Contributed by: Rachana Arya
Postpartum Depression is a condition that has been widely misunderstood — even by the medical and mental health fraternity. However, thanks to celebrity moms like Brooke Shields, Sarah McLachlan, and Chrissy Teigen, more and more people are talking about postpartum depression and the message is clear: It’s real; it doesn’t discriminate, and can also happen to women who are successful in many aspects of their lives.
In the second article of our series, we will debunk some more misconceptions and get to the facts about the debilitating mental health crisis called ‘postpartum depression’.
Check out the first part of the article in the series in which we explored some of the typical symptoms of a very common yet very misunderstood condition called Postpartum depression. We highlighted the hushed tones and mystery surrounding the condition so that women understood the condition without the deep fear of being treated differently – marginalized, silenced – if diagnosed with PPD.
Myth #1: If you ignore it, the depression will go away on its own
Postpartum depression does not go away on its own. It does in some cases goes away on its own, however, at other times women are “not themselves” for many months and require medical intervention. Allowing symptoms and feelings to persist in the hopes that they will go away eventually, can be very detrimental for the health of the woman, her baby, and the entire family.
Myth #2: Only mothers suffer from postpartum depression
Postpartum depression can also affect fathers. Postpartum depression in men, also known as paternal postnatal depression, is rare, but it does happen. Paternal PPD isn’t studied nearly as much as maternal PPD, although the rates are as high as 25%. It commonly occurs three to six months after a baby is born. Some new fathers may experience identical symptoms as those experienced by women suffering from postpartum depression.
They may be sensitive to changes in their partner’s relationship, as well as new financial or employment concerns. Hormonal changes, such as a decline in testosterone, may also affect fathers. Furthermore, it is also linked to maternal PPD, which implies that if one partner is depressed, the other is more likely to be depressed as well.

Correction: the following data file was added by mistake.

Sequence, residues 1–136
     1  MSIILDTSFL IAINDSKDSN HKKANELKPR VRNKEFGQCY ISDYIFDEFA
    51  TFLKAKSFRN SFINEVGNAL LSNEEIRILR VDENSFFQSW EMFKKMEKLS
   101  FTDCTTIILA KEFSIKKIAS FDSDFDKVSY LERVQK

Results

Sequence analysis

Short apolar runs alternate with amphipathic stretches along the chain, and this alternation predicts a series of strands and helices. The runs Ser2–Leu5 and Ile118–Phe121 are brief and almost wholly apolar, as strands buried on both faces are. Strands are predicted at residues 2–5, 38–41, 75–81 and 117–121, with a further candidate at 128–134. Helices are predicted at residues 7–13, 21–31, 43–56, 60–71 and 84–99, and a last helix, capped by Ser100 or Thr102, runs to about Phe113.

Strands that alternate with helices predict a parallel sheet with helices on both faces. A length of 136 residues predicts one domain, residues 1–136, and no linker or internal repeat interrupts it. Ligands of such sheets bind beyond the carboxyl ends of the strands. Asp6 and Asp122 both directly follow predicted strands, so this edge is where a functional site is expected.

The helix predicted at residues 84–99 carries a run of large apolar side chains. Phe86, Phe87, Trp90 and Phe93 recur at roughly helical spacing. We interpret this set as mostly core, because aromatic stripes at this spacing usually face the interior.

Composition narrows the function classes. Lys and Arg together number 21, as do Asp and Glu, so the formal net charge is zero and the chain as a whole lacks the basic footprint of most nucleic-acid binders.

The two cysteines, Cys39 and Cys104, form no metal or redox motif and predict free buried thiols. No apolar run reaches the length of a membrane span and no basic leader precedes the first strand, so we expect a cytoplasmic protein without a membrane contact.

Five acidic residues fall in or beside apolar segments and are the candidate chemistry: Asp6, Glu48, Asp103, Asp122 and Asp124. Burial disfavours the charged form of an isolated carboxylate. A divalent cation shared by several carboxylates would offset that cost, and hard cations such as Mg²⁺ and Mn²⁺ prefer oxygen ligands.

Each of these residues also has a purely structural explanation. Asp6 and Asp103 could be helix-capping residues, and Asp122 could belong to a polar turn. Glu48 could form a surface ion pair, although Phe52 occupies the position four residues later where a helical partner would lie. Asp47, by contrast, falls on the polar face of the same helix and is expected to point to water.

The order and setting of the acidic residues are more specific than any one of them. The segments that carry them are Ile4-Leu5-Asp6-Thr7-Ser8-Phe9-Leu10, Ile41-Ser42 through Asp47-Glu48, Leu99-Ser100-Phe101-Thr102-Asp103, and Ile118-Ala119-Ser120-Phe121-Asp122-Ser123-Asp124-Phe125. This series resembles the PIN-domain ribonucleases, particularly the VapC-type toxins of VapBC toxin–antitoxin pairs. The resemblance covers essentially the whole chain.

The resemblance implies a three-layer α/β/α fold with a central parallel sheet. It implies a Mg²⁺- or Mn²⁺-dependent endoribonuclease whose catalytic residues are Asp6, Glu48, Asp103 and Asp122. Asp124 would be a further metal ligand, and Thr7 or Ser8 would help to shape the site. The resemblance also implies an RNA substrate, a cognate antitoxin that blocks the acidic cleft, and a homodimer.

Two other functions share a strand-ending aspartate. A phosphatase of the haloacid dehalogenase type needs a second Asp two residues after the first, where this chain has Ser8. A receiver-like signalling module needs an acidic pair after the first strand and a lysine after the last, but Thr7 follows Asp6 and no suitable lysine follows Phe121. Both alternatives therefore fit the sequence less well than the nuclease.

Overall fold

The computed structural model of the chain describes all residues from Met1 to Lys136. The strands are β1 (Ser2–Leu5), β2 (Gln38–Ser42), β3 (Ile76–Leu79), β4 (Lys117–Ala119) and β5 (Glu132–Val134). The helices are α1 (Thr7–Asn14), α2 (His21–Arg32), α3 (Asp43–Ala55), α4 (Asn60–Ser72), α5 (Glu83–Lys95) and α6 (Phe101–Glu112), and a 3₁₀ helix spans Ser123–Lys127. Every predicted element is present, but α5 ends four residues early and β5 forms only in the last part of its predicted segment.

Myth #3: Postpartum depression is your fault
NO, it’s no one’s fault – especially not your own! Remember, postpartum depression is caused by a variety of complex circumstances outside of your control, such as hormonal imbalances, a lack of social support, and other psychological problems. Some mothers may not even realize that they suffer from the condition because they are so busy caring for the newborn. Every woman may feel better with the right support and skills. You will feel happy again, no matter how bad your life appears right now.
Myth #4: Only women who are weak, lazy, or bad get depressed
Most women suffering from PPD fear that their ability to be a mother would be questioned. This is completely wrong. Postpartum depression isn’t a sign of having a flaw in your character or some weakness, neither is it an indication that a woman has no maternal instinct. Additionally, it also in no way reflects a lack of your motherhood skills and abilities. As a matter of fact, PPD is a complex illness that is a mix of biological, social, and environmental causes that we still don’t fully understand.
Myth #5: Women with PPD often cause harm to their babies
On the contrary, women with postpartum depression rather inflict harm on themselves. The belief that women will damage or kill their babies is typically linked to postpartum depression, which is a prevalent misunderstanding. Postpartum depression and thoughts of harming a child are not linked. If a woman’s sadness becomes so severe that she has suicidal thoughts, she is more likely to kill herself than her child.
Myth #6: There’s no treatment for postpartum depression
Although there is no magic potion or bullets to make the symptoms of PPD go away, the condition is a highly curable condition that responds well to psychotherapy and counseling. Another method is cognitive-behavioral therapy (CBT), which focuses on identifying, evaluating, and changing dysfunctional patterns of thinking.
A person should not hesitate to seek treatment when symptoms worsen, daily functioning is impacted, and there are thoughts of harming the infant. The intensity of the depression and when it is addressed can influence treatment and recovery. There are a variety of antidepressants available that have proven to be effective and can be prescribed in addition to therapy.
There’s also no need to be concerned about drug side effects because many of these medications are generally safe even while you are breastfeeding. Alternative and complementary interventions may be useful as well. While there have been few studies, the ones that have been done are promising. Bright light treatment, prenatal massage, and yoga are just a few of the techniques available.
This post has already been read 12 times!